BARCELONA (Reuters) - Real Madrid’s opponents should brace for a reenergised Cristiano Ronaldo after the Portuguese said he had been following a special training regime to hit peak shape in the final stretch of the campaign.
The usually prolific Ronaldo has had his quietest campaign in front of goal in the league since 2010 but made an emphatic return to form on Wednesday by scoring both goals as Real earned a crucial 2-1 win over Bayern Munich in Wednesday’s Champions League quarter-final first leg.
Ronaldo has arrived at the end of the last few campaigns in a bedraggled state and last season sustained a thigh injury which forced him out of crucial games and stunted his performances.
He gave lacklustre displays in the 2014 and 2016 Champions League finals against Atletico Madrid even though he scored a penalty in the 2014 final in extra-time and struck the decisive spot-kick in the shoot-out in the San Siro two years later.
Over exertion in the 2013-14 campaign may also have lead to his disappointing display at the World Cup in Brazil, where Portugal were eliminated at the group stage, while he injured his knee in the Euro 2016 final against France.
Ronaldo had scored twice in his previous eight Champions League games and had failed to find the net in any competition for a month but on Wednesday he netted twice either side of halftime to end the German champions’ run of 16 straight home wins in the competition.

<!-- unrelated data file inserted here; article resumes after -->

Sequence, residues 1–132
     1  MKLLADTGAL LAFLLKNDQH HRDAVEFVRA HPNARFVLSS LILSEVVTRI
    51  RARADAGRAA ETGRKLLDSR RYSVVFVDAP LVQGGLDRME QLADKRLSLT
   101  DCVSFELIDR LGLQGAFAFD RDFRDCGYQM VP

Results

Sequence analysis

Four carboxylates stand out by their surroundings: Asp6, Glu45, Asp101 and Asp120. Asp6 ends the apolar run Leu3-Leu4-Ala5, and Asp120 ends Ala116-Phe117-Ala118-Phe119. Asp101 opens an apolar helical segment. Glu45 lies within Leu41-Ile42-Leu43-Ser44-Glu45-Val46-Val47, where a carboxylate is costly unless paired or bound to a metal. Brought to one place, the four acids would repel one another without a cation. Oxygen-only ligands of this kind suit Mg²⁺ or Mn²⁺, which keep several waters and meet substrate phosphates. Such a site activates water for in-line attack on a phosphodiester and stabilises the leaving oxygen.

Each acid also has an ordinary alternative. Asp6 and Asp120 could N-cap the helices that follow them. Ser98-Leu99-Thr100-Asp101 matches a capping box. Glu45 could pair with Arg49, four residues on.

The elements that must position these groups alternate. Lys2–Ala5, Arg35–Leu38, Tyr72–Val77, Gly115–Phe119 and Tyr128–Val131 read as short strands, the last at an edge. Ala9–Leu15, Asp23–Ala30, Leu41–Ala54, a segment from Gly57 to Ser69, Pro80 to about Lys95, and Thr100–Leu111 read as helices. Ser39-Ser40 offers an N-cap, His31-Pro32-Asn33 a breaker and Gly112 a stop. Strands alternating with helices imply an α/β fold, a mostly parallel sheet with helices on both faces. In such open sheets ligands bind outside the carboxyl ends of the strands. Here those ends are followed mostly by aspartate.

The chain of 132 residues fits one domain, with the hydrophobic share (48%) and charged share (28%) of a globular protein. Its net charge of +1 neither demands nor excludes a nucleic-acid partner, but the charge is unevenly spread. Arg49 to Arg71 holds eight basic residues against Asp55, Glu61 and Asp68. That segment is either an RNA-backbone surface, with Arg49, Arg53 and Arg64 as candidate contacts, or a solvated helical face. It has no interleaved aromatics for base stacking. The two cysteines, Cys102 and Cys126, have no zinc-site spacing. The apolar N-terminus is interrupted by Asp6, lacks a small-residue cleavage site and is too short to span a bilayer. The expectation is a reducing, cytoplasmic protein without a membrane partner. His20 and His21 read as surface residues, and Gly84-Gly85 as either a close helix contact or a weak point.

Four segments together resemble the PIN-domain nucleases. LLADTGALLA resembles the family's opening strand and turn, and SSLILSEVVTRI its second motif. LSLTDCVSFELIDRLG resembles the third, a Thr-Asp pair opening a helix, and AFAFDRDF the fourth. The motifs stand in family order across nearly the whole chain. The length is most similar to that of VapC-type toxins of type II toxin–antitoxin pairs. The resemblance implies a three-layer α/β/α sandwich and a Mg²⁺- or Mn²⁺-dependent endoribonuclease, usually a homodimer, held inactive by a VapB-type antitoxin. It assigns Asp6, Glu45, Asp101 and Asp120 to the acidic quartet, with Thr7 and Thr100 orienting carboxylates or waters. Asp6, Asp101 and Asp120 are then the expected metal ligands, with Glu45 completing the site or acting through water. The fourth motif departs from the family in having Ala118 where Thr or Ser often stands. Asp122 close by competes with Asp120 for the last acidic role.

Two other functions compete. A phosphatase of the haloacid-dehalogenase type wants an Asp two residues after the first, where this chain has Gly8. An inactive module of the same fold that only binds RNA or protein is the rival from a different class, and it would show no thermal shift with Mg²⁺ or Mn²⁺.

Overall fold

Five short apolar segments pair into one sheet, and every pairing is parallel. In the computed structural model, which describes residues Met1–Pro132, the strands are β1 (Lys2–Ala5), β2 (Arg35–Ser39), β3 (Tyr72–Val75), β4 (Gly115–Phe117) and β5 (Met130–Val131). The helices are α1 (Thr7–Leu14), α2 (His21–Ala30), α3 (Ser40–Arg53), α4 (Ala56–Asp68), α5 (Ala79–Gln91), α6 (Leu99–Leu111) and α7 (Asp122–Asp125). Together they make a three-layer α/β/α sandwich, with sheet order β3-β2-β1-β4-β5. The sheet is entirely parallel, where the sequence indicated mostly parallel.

Ronaldo, Real’s all-time top scorer and a four-time Ballon d‘Or winner, also became the first player to score 100 goals in UEFA competitions.
“I made radical changes to my training to get to this stage of the season in the best state possible,” Ronaldo told reporters.
“In the last few years I got to the end of the season at the limit and with small injuries, but I have worked hard with our fitness coach to be in the right shape for the final two months. The team is playing well and so is Cristiano.”
Ronaldo’s comparatively low goal tally this season had seen his detractors claim the 32-year-old was on the decline, although his teammate Marcelo criticised those who had questioned the Portuguese’s displays this term.
”I don’t know if it’s envy, but Cristiano’s numbers speak for themselves,“ said the Brazil defender. It’s difficult to contemplate what he has done for football, and he is still playing at a very high level.”
Ronaldo, meanwhile, gave a bemused reaction when asked by a reporter if he had proved his detractors wrong.
“I don’t know who doubted me,” Ronaldo said. “The people who love Cristiano never had any doubts.”
Reporting by Richard Martin; editing by Richard Lough